Serena turns off the radio. She pushes a cassette in -- catchy disco music comes on. More relaxed, swaying to the beat. She reaches a red light, looks at her watch again.

All of a sudden, all the street lights and building lights go off.

My God.

She stares out into the night, frozen.

Drawn-out honking, swearing from frustrated drivers, tire screeching and auto collision resonates into the night.

Then all lights come on.

Benjamin Ray

Raving Dave Herman said...

Wow, Benjamin, what a question!

There's certainly a lot of RAGE in these scenes, as well as plenty of FEAR and pure VIOLENCE. But there seems to be nothing incongruous or surprising about the emotions going on.

I would be terrified too if there were a serial killer on the loose.

I would be traumatized too if my partner were a jealous hoodlum who sends his hitmen to kill someone I'm dancing with.

I would be cool and ruthless too if I were a slick hit man.

So you tell me: What "landscape of information" is activated in Serena by this sequence of events?

In what way does she respond emotionally to these events in a way no one else would (i.e., because of her specific relationship to these people and what they do)?

The suggestion seems to be she's re-living a past trauma (the voices)?

So, outrage, no, I wouldn't say any of these characters show a sense of outrage.

Instead I would pose the question: What emotional unfinished business does Serena carry around with her, which is immediately activated by the confrontation with these hit men?

And how will she go about resolving this unfinished business?

I hope this answers your question!

Take care,


Anonymous said...

The writer poses an interesting question: "does (sic) my characters have any sense of outrage in these scenes --."

My knee-jerk response in "no." Outrage could manifest itself in many ways depending on the individual(s) involved and the circumstances, but given these variables "outrage" is not the sum of these parts.

I'm not sure what I take "emotionally" from this.

The overly-poetic action/description lines do not feel natural so instead of creating a mood, they distort it. Secondly, the all-to-familiar gangster motif is an exhausted playground, and...

When evaluating art, the only real black and white issue is in determining if the artist was able to effectively communicate his/her intention.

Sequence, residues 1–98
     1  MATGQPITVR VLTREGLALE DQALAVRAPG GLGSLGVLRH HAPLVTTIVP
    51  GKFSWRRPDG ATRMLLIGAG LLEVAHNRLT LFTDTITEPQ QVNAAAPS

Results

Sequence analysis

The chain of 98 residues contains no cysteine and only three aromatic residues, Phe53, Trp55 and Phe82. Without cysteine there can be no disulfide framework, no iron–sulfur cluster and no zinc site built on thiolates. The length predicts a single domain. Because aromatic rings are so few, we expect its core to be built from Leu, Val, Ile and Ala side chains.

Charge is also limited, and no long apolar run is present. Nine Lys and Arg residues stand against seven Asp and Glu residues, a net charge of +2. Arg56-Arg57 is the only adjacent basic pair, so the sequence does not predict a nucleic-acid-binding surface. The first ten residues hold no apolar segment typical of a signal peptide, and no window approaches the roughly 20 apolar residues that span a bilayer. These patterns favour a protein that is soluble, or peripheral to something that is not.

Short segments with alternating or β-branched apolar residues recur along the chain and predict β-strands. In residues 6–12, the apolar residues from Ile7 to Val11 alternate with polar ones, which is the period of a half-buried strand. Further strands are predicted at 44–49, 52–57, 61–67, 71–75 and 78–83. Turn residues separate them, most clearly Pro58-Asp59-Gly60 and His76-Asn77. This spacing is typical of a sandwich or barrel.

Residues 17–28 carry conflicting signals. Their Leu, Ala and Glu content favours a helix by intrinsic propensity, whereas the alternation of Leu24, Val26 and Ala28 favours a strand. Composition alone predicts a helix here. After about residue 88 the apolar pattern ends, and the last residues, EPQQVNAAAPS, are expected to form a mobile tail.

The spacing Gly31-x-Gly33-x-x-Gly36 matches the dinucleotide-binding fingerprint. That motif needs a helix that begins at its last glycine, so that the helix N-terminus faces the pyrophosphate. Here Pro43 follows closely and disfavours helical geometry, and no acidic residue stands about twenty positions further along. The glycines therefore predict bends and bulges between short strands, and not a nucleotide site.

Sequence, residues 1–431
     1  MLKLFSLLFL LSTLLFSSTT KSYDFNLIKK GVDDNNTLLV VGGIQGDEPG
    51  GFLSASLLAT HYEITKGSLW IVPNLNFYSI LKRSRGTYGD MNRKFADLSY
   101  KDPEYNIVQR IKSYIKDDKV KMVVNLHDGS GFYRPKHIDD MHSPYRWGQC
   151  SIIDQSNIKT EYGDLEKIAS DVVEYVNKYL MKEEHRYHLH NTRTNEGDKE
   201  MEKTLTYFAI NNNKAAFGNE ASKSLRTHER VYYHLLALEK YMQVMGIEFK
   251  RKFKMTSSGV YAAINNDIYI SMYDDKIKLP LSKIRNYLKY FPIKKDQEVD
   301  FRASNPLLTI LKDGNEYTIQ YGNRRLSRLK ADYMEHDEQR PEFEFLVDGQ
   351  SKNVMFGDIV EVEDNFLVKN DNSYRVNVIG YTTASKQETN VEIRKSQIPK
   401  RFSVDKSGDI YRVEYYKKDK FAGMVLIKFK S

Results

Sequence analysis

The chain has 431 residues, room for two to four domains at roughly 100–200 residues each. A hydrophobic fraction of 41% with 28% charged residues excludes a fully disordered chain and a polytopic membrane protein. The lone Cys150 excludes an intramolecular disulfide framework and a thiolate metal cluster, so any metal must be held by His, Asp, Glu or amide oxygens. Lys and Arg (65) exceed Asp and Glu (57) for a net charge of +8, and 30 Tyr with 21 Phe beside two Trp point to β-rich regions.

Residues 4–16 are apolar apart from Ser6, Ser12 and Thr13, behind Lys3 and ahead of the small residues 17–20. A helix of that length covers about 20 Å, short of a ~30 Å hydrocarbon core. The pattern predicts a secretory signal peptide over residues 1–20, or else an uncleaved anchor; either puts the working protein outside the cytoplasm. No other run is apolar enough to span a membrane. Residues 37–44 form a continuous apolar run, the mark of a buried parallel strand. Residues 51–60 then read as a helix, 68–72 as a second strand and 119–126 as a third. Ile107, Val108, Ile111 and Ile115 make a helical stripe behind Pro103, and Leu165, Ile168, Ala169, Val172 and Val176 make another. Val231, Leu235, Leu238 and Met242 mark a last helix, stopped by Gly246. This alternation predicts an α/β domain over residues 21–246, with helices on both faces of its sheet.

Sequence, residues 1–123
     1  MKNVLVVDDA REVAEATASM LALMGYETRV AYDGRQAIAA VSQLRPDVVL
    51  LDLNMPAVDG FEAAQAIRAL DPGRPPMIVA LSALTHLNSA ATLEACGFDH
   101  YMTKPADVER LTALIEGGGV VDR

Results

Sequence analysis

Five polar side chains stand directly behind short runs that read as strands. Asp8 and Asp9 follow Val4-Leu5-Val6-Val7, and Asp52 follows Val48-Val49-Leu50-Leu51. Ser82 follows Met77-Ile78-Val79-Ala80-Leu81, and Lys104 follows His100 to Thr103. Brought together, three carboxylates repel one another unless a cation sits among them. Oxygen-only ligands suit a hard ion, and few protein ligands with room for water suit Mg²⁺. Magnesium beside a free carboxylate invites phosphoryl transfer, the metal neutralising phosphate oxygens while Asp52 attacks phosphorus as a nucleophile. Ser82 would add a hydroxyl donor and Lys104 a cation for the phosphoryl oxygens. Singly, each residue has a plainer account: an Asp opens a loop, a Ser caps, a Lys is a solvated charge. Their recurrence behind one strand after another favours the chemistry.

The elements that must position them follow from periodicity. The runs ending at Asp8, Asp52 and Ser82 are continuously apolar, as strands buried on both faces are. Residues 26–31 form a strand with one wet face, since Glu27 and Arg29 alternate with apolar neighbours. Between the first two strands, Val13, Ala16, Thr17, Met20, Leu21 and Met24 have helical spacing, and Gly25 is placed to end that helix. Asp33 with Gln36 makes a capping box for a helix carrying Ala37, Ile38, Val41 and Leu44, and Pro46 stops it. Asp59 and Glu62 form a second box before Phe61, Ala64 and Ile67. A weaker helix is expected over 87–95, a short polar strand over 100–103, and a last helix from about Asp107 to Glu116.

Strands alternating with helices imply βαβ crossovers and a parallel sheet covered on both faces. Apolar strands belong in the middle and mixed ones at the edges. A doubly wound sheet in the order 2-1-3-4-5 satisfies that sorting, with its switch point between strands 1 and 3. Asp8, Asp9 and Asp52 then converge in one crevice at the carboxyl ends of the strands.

In this particular case, it is in part about the writing, but more importantly, it's about the thinking.

Do you really need Helicopter Gangsters and Haiku's to teach the world about your personal vision?

If you answer yes, then it is I who am outraged.

Anonymous said...

Oh Boy!
or should I say oh, Old Boy! (great film from Hong Kong)

Now to this wild but entertaining read.

Mr. Ray's writing is without any doubt steamy and moody and yes at times over-reaching. No big deal here. His style cannot be ignored.
The characters got my undivided attention.

Now that's entertainment! I'll watch, just like I watched the movie "Old Boy". Its in the style! No big deal.

Raving Dave Herman said...

Interesting comments from both "anonymous" contributors.

Talk about activating a landscape of information!

For the one "anonymous," film is art, which makes the screenwriter an artist with all the values and expectations that go with that role.

For the other, film is entertainment, which makes the screenwriter an entertainer.

Personally, I believe a screenwriter should strive to be both. To entertain whilst making a serious point about what it means to be a human being.

Benjamin is certainly striving to say something about the violent, darker side of human nature. As I commented earlier, I believe he needs to articulate more precisely what the Serena character's relatioship is to this darker side of human nature.

Whether you enjoy the gangster genre, is a matter of taste.

Happy writing,


Unknown said...

I thought the story was very interesting and intriguing. I wonder why Serena isn't comfortable with that life style, why is she part of it? why can't she get out? why is she so traumatized and fearful? Yes a normal person would feel that way, but not someone who is involved and living that life style like Vincent and Toni for example. I got pretty curious to know what happened next. This can be a great story!

Raving Dave Herman said...

Hi Juliana,

More credit to Benjamin for piquing your curiosity!